WASHINGTON — Republicans’ family discussion on earmarks is starting to spill into public view, with top GOP lawmakers backing “congressionally directed spending” while staunchly conservative members staking out their opposition.
The division sets up another fissure as the party continues to struggle with its identity in the shadow of Donald Trump’s presidency.
Senate Appropriations ranking member Richard C. Shelby, R-Ala., said he backs earmarks that are “meritorious and transparent,” adding lawmakers’ authority over the federal budget is spelled out in the Constitution. “If they are frivolous requests, they should go by the wayside,” Shelby told reporters.
Shelby, who is retiring at the end of this Congress, is a longtime supporter of “congressionally directed spending,” but his caucus in recent years has opposed restoring the practice that was initially banned in 2011.
Senate Minority Leader Mitch McConnell, R-Ky., another veteran appropriator, deferred to Shelby on Wednesday when asked if he’d support a return to earmarks. But McConnell, no stranger to earmarks himself, also knows Shelby’s view on the topic and what he’d likely say.
Senate Republicans would have to amend their conference rules after two years ago a permanent earmark ban authored by Ben Sasse of Nebraska was adopted. In recent weeks others have gotten more vocal about avoiding the return of special line items for their home states.
Joni Ernst, R-Iowa, who won a high-profile reelection battle in November, wrote in a CQ Roll Call opinion article last month that lawmakers made the right call a decade ago “after years of politicians literally pigging out on taxpayer dollars, earmarking millions for special interests and their own pet projects, like that infamous bridge to nowhere in Alaska.”
In the House, Republicans are also approaching the subject somewhat gingerly. Appropriations ranking member Kay Granger, R-Texas, has declined repeated requests for comment on the topic.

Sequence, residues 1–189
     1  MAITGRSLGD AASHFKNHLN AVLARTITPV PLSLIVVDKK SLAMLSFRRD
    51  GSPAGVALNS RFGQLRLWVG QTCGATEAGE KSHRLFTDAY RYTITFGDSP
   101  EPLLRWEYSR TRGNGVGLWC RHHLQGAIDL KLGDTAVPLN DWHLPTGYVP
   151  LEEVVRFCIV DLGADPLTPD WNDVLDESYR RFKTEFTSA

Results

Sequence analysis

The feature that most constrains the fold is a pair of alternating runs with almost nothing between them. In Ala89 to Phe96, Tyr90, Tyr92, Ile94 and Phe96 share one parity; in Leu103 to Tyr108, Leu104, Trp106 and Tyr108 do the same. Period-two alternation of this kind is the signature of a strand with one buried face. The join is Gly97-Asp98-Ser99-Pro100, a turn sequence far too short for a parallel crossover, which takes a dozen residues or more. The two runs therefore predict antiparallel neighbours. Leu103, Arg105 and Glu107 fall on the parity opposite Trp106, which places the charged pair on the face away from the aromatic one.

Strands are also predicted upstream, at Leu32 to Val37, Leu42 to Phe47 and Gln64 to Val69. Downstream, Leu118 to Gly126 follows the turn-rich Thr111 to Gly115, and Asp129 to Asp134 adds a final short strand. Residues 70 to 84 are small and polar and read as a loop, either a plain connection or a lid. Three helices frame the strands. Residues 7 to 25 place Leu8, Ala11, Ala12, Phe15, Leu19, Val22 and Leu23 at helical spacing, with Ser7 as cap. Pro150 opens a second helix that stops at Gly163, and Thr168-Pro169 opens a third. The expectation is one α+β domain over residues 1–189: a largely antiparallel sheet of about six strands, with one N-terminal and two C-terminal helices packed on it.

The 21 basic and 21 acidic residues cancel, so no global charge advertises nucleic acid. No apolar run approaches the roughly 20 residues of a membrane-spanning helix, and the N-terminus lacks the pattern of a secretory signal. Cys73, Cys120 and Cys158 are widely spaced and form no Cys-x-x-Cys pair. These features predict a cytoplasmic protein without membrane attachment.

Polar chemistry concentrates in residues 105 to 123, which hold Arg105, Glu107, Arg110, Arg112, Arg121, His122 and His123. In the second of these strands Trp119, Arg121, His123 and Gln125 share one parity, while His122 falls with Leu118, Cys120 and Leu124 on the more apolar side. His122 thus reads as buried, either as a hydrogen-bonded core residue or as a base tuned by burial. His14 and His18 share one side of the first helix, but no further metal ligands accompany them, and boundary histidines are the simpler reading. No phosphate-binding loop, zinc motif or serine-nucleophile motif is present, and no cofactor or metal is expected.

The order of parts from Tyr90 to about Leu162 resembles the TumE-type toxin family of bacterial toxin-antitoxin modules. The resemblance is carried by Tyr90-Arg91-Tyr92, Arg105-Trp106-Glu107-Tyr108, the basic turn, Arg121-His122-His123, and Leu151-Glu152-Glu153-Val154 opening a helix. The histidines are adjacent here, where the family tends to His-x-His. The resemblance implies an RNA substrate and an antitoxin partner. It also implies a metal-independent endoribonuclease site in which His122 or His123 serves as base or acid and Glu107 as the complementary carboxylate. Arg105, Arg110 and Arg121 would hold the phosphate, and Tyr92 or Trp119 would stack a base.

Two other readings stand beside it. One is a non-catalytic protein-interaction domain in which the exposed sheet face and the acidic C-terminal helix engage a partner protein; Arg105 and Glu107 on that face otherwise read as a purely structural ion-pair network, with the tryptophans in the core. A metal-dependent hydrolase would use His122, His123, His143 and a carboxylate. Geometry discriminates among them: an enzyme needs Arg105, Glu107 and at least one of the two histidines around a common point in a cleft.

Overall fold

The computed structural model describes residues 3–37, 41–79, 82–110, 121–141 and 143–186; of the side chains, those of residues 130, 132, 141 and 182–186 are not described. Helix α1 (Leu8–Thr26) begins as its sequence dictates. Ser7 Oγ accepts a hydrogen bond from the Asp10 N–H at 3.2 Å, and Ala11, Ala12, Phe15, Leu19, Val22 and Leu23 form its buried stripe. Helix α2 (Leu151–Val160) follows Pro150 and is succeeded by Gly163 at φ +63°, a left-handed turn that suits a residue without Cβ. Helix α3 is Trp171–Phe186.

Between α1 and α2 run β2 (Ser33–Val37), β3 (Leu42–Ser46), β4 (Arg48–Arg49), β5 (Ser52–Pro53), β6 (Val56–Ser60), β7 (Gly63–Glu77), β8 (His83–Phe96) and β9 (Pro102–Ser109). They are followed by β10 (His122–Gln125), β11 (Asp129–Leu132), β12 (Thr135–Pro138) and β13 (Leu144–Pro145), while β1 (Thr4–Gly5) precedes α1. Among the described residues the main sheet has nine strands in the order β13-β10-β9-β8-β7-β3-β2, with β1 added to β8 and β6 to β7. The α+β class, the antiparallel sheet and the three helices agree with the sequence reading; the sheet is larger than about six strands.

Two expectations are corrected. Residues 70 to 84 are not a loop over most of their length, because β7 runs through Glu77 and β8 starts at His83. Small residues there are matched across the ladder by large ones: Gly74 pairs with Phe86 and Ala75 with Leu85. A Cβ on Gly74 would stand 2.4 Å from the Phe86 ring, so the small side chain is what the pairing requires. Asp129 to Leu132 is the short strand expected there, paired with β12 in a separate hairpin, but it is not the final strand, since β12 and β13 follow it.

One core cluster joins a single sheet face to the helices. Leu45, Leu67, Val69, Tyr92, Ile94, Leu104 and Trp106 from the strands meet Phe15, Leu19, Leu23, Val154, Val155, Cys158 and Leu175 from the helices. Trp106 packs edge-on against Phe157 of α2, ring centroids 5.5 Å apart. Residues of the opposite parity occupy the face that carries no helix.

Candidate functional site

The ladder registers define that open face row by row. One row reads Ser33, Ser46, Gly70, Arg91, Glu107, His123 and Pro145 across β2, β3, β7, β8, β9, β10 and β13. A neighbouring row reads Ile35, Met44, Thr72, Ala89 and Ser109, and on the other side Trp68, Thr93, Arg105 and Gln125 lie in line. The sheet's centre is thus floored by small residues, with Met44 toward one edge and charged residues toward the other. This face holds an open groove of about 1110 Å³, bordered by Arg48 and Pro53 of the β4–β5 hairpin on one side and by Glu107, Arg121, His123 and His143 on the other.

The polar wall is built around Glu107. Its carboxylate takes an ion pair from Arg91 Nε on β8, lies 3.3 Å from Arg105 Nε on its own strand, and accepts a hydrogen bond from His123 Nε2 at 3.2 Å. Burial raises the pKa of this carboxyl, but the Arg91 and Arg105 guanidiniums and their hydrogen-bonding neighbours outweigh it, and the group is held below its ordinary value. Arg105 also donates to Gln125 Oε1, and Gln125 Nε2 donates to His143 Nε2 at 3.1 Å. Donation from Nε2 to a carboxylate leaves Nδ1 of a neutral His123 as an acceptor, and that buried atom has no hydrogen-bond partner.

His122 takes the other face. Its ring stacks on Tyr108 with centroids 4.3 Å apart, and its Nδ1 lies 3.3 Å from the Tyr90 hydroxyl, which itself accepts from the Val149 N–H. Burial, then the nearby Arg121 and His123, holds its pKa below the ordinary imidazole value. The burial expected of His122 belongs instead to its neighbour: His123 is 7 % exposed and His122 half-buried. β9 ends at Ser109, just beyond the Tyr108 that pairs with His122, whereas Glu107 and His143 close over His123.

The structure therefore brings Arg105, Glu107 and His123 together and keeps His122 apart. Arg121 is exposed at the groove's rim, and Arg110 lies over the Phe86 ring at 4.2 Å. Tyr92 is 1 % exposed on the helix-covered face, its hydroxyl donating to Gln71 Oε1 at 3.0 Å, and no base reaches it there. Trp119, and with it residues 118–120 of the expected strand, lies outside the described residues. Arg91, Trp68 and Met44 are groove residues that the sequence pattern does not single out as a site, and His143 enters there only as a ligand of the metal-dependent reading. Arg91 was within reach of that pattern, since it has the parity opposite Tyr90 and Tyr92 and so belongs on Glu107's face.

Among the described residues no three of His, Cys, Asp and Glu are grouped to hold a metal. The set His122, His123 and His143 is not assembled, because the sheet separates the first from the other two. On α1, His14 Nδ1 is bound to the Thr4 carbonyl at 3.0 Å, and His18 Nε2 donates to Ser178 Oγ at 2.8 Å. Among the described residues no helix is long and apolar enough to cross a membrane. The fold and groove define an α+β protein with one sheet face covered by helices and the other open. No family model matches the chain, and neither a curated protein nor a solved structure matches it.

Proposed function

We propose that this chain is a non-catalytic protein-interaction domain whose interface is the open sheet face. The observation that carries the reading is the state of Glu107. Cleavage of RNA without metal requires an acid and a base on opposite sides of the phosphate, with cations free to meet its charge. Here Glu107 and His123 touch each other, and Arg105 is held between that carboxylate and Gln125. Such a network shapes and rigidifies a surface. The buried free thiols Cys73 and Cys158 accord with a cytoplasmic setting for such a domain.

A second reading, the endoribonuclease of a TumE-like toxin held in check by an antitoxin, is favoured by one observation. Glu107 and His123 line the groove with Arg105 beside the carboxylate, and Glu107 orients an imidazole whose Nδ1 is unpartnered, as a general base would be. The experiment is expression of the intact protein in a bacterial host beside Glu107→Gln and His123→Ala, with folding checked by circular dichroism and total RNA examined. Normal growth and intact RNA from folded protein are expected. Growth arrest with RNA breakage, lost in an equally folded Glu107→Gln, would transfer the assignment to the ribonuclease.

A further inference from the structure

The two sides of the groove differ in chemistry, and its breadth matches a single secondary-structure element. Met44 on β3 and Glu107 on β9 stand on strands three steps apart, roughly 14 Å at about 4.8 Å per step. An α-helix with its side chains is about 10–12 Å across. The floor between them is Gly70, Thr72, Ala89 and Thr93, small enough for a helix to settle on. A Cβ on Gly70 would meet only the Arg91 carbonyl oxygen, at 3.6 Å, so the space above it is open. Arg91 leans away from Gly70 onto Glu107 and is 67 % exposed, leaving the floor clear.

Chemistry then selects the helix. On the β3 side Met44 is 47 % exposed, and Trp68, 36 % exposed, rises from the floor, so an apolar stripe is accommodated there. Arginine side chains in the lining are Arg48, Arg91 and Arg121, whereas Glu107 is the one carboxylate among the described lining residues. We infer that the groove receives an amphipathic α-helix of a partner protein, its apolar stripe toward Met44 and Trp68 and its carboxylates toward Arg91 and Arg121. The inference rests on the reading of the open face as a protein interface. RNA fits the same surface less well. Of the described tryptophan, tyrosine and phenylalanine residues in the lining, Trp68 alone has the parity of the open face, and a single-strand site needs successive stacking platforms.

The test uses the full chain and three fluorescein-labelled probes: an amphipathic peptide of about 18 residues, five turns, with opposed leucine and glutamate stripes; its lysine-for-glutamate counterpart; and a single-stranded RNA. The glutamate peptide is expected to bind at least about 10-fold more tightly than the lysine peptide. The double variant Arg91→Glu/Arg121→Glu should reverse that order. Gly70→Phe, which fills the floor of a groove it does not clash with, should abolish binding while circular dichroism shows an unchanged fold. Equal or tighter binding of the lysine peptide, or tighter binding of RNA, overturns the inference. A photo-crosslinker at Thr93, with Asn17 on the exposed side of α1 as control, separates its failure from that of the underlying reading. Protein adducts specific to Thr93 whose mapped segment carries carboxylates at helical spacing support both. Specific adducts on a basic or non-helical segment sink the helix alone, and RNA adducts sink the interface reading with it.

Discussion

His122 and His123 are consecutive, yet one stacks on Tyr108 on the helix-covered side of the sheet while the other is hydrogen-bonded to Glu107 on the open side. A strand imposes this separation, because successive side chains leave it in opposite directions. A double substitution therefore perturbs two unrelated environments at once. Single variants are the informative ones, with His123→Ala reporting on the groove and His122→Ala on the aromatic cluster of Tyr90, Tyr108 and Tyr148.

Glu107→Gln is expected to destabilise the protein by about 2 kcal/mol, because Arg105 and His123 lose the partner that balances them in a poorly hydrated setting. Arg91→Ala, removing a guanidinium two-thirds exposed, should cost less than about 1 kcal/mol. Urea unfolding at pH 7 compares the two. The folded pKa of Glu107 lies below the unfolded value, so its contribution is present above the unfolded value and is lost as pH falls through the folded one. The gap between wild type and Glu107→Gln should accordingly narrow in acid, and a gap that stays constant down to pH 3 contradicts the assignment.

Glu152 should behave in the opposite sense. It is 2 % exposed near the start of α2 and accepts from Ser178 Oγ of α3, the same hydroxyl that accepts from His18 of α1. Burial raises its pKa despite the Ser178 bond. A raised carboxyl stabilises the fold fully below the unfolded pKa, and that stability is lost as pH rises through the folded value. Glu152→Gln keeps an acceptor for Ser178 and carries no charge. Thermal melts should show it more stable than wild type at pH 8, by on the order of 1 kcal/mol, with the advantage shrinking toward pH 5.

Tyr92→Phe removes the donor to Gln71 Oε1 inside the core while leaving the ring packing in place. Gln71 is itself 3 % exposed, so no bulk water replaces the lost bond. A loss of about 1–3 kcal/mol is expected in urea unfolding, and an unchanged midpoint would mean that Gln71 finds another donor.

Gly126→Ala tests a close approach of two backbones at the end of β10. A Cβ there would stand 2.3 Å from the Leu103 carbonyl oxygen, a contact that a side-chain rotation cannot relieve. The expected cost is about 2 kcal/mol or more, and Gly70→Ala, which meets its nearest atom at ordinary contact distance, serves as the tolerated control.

But Rep. Tom Cole, a senior appropriator and ranking member on the House Rules Committee, said in a statement he believes “there is a time and a place for congressionally directed appropriations that are guided by a set of specific parameters.”
Cole, R-Okla., said that when “focused on core infrastructure and community service needs, this tool can vitally help members to ensure their constituencies are not overlooked.”
Not all GOP lawmakers are on board, however. The House Freedom Caucus, made up of the most conservative Republican lawmakers in that chamber, “opposes the use of earmarks, whether in the 117th Congress or any future Congress,” according to a statement the group released Wednesday.
House Majority Leader Steny H. Hoyer, D-Md., expects Republicans will participate in earmarks when they return this year, though he doesn’t know how GOP lawmakers will address their ban on congressionally directed spending within party rules.
“I’ve talked to a lot of Republicans, who I expect are going to be requesting earmarks for their districts,” Hoyer said during a conference call with reporters.
Hoyer has said it’s likely to involve similar restrictions to those in place before the ban took effect a decade ago, such as full disclosure of member requests, any financial interests in a project and preventing funds from being directed to for-profit entities.
House Appropriations Chairwoman Rosa DeLauro, D-Conn., and Senate Appropriations Chairman Patrick J. Leahy, D-Vt., are working on the specific process for bringing earmarks back in their respective chambers.
A spokesman for Leahy said the chairman has “made it clear that he believes that members of Congress have a better understanding of their communities than Washington agencies, and he is working to bring back congressionally directed spending in a transparent and responsible way.”